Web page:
Here is a sequence of pictures of the swinging of the Botafumiero. I opted not to make a video as it would be too difficult for me to show you here. There are plenty of videos on YouTube:

Above is the framework from which the Botafumiero hangs. I believe this version dates to the 1600s. it is designed to allow the attendants to accelerate the swing with each pull of the rope.
Lit charcoal to which incense is added is placed in the Botafumiero.
The attendants prepare to pull the rope and begin swinging the censer.
Here the Botafumiero rockets over my head.
The swinging arch takes it from one side of the cathedral to the other.
Trailing smoke, it very nearly reaches the top of the cathedral

After dark I returned to the square to appreciate that it is at night that this old city really shines.

Love, your Husband.

PS. During Mass there were invocations to pray for the Pilgrims, especially those who endured sickness and disability to reach the cathedral, prayers that they return home safely, and prayers that the journey aided all to embrace peace in their hearts.

To this I say, Amen.

23 thoughts on “When a Plan Becomes a Prison

  1. Beautiful photos. I like the sound of your revised plans. We are heading out today from Leon to continue our Camino after a ten day hiatus due to COVID and are not enthusiastic due to the upcoming weather. This is our fifth Camino, we will see how things progress. Enjoy the rest of your time as a tourist.

  2. BRAVO!! What an excellent use of my beloved Serenity Prayer! I am proud of you – though I know that pride is not always a good thing. (insert smiley face). So on our last trip to Santiago – we looked for the constant pilgrim – a shadow that occurs near the Cathedral at night – which looks just like a pilgrim. Another is the scallop shell that also is shown at night – again near the Cathedral. My “Grands” have arrived – more later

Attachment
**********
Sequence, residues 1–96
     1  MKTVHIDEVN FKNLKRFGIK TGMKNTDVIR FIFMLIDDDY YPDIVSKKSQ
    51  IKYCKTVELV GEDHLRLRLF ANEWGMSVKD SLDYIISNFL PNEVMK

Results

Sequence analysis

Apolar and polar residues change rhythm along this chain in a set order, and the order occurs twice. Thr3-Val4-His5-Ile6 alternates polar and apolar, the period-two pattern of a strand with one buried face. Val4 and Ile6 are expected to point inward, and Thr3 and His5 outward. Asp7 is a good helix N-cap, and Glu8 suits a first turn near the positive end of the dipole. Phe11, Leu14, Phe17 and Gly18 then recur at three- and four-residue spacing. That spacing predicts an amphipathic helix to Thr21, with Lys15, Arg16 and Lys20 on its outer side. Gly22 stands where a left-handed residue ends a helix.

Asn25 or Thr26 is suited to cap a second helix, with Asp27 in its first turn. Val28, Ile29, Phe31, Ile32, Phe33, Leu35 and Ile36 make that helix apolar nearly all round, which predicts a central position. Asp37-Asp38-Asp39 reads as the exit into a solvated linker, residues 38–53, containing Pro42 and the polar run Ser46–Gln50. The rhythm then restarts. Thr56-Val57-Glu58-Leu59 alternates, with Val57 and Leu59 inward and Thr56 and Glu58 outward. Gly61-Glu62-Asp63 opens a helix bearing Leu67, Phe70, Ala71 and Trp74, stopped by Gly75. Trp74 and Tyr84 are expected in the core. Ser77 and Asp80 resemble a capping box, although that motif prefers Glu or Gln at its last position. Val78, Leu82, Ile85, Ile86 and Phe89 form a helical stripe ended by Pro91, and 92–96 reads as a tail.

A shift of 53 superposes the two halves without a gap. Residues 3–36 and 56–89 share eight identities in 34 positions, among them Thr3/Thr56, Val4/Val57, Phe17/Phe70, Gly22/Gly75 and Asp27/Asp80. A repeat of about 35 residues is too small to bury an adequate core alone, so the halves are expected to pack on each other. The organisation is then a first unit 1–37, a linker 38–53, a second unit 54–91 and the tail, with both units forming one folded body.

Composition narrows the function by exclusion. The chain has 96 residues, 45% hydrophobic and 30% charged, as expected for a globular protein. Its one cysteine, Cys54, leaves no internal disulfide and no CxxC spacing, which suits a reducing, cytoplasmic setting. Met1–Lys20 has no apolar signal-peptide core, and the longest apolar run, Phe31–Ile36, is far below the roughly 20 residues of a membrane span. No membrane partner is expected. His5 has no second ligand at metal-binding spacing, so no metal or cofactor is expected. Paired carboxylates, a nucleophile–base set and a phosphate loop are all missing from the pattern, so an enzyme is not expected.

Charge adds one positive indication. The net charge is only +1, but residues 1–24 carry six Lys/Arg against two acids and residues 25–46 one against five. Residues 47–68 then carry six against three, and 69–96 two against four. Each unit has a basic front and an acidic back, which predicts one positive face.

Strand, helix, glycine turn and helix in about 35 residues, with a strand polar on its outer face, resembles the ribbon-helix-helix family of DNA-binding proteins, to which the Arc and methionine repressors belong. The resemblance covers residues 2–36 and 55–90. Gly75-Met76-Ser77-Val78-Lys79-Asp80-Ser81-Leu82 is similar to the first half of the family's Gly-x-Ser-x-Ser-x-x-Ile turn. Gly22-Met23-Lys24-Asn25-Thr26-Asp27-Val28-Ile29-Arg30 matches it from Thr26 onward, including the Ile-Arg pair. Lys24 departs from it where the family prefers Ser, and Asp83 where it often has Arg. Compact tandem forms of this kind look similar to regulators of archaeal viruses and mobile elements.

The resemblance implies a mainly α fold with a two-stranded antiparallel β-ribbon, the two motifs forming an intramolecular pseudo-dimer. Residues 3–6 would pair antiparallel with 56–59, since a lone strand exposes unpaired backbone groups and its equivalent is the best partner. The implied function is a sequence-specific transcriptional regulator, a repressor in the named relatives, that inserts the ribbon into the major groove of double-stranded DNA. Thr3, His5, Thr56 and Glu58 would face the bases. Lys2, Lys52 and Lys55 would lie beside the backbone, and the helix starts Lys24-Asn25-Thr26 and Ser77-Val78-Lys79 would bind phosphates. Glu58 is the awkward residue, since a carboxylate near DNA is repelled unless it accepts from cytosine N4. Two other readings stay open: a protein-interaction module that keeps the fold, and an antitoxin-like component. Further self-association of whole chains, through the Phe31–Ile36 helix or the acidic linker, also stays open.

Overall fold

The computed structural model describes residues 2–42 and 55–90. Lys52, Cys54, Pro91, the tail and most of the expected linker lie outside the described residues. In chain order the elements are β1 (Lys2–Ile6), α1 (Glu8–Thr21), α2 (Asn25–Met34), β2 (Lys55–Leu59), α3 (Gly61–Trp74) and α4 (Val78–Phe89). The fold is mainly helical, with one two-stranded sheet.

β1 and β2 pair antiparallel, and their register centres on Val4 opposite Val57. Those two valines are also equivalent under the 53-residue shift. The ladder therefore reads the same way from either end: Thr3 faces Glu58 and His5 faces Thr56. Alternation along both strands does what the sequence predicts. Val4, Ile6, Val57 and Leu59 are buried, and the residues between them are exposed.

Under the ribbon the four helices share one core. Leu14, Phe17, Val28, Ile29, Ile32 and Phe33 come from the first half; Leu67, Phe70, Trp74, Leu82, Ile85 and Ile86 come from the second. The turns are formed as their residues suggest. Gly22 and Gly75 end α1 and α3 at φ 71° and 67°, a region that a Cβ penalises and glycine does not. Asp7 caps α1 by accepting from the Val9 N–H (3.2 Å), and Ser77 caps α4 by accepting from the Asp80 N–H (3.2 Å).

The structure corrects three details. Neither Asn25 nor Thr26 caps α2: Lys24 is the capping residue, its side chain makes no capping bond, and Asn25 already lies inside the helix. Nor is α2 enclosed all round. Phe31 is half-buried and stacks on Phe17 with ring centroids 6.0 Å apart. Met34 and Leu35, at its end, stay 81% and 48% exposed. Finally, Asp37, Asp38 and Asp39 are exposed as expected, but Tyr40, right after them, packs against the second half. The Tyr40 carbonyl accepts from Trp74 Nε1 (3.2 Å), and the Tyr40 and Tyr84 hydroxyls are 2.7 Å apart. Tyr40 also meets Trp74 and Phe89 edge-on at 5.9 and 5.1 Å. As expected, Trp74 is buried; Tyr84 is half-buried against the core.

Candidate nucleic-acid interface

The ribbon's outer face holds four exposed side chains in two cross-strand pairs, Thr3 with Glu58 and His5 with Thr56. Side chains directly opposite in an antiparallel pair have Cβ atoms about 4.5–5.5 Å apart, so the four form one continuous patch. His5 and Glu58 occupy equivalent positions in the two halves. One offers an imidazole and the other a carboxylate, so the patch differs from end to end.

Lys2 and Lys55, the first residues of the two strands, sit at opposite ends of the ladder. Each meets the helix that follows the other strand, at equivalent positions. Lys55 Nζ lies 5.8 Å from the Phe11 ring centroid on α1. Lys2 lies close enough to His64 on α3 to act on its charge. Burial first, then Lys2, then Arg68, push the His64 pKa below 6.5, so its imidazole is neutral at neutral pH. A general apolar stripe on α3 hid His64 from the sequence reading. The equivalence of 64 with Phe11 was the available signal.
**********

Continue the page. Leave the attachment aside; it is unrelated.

3. As usual; I love looking at the pictures. As I look at the richness and grandeur of the cathedral, my love of simple worship wants to criticize the $ spent to impress instead of helping others. I wonder if the planners are trying to impress God or other people. Then I chastise myself with the realization that this is also a beautiful art creation; and as such is enjoyed by millions and worth the cost. Then I tell myself to relax and enjoy. stay well.

    • Hi Laura. One must also remember that these constructions date back to the 800s. The richness you see it’s mostly from the 1400s to 1600s. The common people believed that glorifying God in this way was their path to heaven.

      • Yes. like the pyramids; I also have to remember the thinking of those spending their lives to work (whether forced or not) on at least one thing in their lives that will live and be enjoyed for many,many, years. Leaving something beautiful behind that marks their lives.

  4. As usual, beautiful pictures. Thanks for sharing. Good choice for changing plans. Sometimes obstacles such as weather can seem like the enemy when in the end it is intended for good. You are protecting yourself from the unknown. Prayers for the rest of your journey.

  5. Michèle Angell says:

    Peter! I’m so happy you gave yourself Grace! I was always surprised to find pilgrims “judging” who was more devout on the trail when walking the Camino myself when ANY thoughtful step is a blessing in of itself. Enjoy your new path. PS your photos inside the cathedral are stunning!

  6. I really appreciate the “moral” to this story and pilgrimage – and your title sums it up so well. I have enjoyed following this story as it has unfolded, and salute your courage to pivot and make a new ‘next thing.’